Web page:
Based just behind the Palace of Holyrood it provides us with at least 3 paths to the summit. The 1st one going way round the cliffy edge to turn left and up to the top. 2nd and 3rd one going from the left side (near the ruins of and old church) and then straight up.
The best is to be up there when the weather is clearest with blue skies and sunshine. The other one you an try is to get up either at sunrise or dusk. The views are beautiful at that time believe me!
Approx time to reach the summit from the bottom is less than 1 hour (normal walk) or up to 30mins (for those who are used to fast climbing)
Be sure to wear warm clothes as it’s pretty windy at the top all the time, plus the weather can change rapidly!
Enjoy your trip!
This is really a haven in the centre of the busy city of Edinburgh. It’s a great place to be to get away from the noise of the city centre.
The park itself consists of Arthur’s Seat, (used to be a volcano!!) Salisbury Crags both wonderful rocky hills/mountains and green fields. There are walks through and around the park which give you both fantastic panoramic views of the city and sore legs. The Park is always great for running, dog walking, cycling, and sports on the sports field near Meadowbank.
The park is near several tourist attractions for those that are not particularly into walks such as the Queens Gallery, Dynamic Earth, Holyrood Parliament and Holyrood Palace. Furthermore, you can walk up along the Royal Mile directly from the Park getting you to the heart of the old town in no time.
Please note Sunday is the best day for visiting as this is when cars are not allowed on the road which runs through the park.
This is a great place to visit in Edinburgh. There is a lovely pond at the bottom which is a favourite for feeding the ducks and the very brave swans that toddle around your feet! There is also another pond further up which is possible to drive to if you dont want to walk. If you plan to climb Arthurseat you can drive to this point and start from here if you want to cheat a bit! Children also love to climb around the old castle ruins which is only a short climb from the first pond. This is a great place for a walk, picnic or to walk your dog and the parking is in great supply.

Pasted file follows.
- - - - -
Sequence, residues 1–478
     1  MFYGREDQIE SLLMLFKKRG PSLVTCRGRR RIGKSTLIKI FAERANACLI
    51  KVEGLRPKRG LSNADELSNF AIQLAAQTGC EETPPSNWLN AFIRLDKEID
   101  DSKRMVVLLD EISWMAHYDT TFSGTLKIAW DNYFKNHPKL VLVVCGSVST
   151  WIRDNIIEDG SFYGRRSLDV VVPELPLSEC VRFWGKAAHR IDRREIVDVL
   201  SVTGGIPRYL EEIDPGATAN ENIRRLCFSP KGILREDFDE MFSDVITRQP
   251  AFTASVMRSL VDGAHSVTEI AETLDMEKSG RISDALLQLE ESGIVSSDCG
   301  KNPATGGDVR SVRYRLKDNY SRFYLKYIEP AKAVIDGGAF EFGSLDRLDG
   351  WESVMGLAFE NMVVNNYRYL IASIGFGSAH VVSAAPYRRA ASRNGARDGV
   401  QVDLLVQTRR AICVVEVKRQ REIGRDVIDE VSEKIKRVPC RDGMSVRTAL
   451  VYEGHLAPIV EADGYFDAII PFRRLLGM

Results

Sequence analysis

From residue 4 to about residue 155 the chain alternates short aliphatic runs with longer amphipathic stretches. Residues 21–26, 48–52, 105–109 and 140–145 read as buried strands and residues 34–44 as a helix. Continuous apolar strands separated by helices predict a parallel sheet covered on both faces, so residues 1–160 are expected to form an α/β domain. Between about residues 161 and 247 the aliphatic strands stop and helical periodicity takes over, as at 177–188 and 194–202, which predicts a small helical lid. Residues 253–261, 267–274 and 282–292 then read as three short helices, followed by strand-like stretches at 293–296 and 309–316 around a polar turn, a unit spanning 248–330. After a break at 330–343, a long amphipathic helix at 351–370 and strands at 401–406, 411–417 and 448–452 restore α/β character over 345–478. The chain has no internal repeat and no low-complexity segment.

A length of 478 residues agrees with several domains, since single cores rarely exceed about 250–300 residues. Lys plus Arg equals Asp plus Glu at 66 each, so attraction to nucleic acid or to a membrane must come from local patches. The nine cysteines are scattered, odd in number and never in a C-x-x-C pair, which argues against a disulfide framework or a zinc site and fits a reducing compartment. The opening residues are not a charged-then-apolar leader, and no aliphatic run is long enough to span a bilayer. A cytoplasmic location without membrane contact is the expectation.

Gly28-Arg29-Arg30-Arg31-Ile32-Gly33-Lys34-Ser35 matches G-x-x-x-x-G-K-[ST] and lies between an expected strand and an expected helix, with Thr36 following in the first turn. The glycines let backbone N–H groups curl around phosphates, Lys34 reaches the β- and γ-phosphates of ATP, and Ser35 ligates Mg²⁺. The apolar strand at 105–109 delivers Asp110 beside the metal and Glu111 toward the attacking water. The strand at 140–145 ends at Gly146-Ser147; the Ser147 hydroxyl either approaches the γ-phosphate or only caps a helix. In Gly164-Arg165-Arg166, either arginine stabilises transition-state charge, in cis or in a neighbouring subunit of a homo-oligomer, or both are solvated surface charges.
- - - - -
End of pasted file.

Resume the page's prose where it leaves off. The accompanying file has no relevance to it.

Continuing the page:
This is without doubt my favourite place in Edinburgh. It is also what makes Edinburgh. Few other cities can boast a vast area of countryside right in their centre. The most famous part of Holyrood park is its highest peak, Arthur’s Seat, from which the entire city can be seen in all its glory. The most beautiful time to be here is at sunset, and then dusk when the street lights of Edinburgh gently ignite and create a calm sparkling that settles the soul… until you start worrying about light pollution. But anyway. The park also boasts two fair-sized ponds with lots of birdlife and Duddingston Loch, which is part of a Scottish Wildlife Trust reserve. The whole park is packed with wildlife - flora and fauna - and makes a lovely place to walk. It also has the spectacular Salisbury Crags, which are used for cliff-rescue training by the city’s emergency services. Don’t rock climb here though, it’s illegal and they WILL enforce it. For disabled visitors it might be useful to note that a small road goes right round the park, past Dunsapie Loch and under Arthur’s Seat, with lovely views of the city on the Southern and Western sides in particular. Child-friendly, dog friendly and even pony-friendly I believe, if you ask permission first. A country break within a city.